But shirts which do make noise may not be too far off, thanks in no small part to our Japanese friends, who have developed a method for weaving copper wire and magnets into cloth and apparently intend to bring it to market in the form of wearable speakers - iPod use in the subway may soon cease being a private affair. No idea if/when this will actually come to market, but I can't see it being very popular in uber-crowded Asian cities. Bring it to America, though, and we can revolutionize urban impromptu breakdance warfare." - Japanese Develop Wearable Speakers
also interesting, & interestingly referrinng to Philips:
Scientists invent loud speakers for clothes
Boffins at a Japanese firm claimed they developed speakers that can be woven into cloth and wrapped around the face. Hopefully not next to the ears.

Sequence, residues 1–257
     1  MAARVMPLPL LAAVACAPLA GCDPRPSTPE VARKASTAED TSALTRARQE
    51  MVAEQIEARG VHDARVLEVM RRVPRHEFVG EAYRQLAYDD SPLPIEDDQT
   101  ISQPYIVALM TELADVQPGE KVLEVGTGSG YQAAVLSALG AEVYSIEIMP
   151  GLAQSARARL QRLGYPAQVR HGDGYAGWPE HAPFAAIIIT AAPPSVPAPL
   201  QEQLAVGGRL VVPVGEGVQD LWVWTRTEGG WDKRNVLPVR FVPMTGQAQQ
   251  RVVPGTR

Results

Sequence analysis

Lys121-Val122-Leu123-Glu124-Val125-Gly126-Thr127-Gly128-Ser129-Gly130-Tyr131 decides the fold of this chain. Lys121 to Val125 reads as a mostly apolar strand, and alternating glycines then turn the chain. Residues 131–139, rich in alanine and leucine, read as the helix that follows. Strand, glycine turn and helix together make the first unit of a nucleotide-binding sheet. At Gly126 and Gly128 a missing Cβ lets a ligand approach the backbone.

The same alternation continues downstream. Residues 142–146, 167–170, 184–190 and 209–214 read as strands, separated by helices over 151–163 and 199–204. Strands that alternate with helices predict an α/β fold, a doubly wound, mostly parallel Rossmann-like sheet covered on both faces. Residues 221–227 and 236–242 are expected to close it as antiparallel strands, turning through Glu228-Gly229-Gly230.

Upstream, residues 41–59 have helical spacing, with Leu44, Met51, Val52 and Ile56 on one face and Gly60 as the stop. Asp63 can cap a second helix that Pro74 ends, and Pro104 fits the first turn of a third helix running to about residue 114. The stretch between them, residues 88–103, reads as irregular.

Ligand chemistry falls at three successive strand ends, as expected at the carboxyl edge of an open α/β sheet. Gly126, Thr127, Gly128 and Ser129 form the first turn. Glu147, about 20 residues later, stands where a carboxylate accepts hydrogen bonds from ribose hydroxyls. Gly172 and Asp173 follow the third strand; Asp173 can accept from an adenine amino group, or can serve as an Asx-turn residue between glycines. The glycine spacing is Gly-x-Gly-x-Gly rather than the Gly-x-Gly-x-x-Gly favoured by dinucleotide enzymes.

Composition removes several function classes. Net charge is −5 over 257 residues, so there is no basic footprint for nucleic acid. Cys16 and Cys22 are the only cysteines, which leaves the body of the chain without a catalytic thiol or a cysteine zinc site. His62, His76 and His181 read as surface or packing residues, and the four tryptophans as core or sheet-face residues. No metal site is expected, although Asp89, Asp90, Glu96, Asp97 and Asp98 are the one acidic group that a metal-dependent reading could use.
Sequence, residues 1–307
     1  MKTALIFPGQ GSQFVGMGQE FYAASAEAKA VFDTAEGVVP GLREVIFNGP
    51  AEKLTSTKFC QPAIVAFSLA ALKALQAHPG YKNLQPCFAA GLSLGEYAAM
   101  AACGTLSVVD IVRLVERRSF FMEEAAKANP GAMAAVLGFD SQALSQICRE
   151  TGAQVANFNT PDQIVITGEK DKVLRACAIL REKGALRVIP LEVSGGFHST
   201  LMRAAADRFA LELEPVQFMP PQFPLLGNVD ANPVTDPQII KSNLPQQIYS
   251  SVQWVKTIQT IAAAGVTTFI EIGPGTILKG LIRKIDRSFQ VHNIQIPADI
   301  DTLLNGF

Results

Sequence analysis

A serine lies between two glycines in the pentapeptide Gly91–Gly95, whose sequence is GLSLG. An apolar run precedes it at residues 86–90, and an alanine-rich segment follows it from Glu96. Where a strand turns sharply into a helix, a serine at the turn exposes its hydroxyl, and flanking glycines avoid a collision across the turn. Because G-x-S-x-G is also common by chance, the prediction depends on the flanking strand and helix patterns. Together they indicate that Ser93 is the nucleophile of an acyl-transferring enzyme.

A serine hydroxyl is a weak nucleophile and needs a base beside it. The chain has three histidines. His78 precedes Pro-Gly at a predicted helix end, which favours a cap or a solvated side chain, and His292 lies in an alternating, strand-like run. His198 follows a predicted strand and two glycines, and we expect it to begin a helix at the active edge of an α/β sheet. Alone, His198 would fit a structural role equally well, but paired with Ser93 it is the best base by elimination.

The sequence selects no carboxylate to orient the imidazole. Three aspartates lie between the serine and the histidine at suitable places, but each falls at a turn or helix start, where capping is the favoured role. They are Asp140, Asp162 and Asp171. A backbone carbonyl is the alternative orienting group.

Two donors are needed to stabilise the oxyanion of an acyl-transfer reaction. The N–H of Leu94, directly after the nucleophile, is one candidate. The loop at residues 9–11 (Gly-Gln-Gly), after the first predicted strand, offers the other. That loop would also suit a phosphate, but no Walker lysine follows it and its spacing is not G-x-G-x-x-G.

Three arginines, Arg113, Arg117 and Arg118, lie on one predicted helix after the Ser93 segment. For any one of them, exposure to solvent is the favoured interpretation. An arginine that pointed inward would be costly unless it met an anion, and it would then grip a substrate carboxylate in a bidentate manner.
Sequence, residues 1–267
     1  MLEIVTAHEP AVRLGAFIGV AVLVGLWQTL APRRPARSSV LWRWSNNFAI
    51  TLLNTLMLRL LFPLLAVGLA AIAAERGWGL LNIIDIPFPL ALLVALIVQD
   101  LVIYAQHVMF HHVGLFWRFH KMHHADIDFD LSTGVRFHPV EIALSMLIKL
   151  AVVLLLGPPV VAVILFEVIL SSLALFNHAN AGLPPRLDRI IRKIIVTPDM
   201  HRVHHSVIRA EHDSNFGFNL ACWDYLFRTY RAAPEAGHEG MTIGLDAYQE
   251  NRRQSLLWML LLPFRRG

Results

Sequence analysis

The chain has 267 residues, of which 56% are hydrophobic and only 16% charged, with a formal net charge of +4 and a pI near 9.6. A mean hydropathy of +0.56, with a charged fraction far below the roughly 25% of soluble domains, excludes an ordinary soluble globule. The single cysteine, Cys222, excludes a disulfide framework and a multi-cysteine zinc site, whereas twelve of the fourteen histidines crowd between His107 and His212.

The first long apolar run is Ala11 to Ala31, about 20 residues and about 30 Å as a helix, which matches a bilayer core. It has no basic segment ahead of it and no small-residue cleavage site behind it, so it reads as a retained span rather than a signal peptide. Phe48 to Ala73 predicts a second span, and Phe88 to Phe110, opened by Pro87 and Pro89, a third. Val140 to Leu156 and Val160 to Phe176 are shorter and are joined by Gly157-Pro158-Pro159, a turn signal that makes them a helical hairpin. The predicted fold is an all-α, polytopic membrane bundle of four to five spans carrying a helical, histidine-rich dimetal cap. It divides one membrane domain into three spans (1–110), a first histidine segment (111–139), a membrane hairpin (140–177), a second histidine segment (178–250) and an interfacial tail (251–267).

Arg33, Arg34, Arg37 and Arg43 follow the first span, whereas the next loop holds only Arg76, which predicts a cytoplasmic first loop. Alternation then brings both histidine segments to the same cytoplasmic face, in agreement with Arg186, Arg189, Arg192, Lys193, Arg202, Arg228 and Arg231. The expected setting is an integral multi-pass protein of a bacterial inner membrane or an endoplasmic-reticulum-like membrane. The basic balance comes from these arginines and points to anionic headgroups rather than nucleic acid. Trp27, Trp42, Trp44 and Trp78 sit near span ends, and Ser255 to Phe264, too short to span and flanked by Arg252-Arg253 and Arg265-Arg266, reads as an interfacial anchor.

The Nikkei Biz Daily describes the invention as a breakthrough, although if we see it in Pashmina scarves, the INQ will probably fall over and faint.
It works by weaving copper wire and magnets into cloth, but to Dutch boffins at Philips R&D centre in Eindhoven, this stuff is really old hat, so to speak.
When the INQ and the famous VNU "Mole" from PC Week were treated to a visit to Philips, nearly 14 years ago now, the boys there were telling us that soon we would see a "PC on a tie".
The microprocessor would be placed in the knot.
We're pleased to say that such a device never emerged, Philips continued to make money making light bulbs, Eindhoven PSV continued to lose soccer matches, and IBM supremo Sir Lou Gerstner picked up on Philips' idea four years later but for shoes. Another idea that still waits its fulfilment. - Philips was there 14 years back